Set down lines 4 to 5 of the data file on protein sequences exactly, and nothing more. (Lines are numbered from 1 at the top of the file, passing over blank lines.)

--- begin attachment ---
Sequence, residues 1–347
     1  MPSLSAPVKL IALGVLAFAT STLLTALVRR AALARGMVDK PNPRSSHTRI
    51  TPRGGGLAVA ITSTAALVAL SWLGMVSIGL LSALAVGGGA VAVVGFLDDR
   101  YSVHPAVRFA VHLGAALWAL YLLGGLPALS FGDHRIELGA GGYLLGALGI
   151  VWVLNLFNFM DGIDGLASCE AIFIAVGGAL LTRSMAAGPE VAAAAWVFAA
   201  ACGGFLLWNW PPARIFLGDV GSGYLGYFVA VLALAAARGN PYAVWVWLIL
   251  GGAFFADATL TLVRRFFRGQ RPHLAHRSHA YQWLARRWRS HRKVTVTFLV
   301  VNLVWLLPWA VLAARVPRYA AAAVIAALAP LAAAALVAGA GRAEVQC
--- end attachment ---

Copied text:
   101  YSVHPAVRFA VHLGAALWAL YLLGGLPALS FGDHRIELGA GGYLLGALGI
   151  VWVLNLFNFM DGIDGLASCE AIFIAVGGAL LTRSMAAGPE VAAAAWVFAA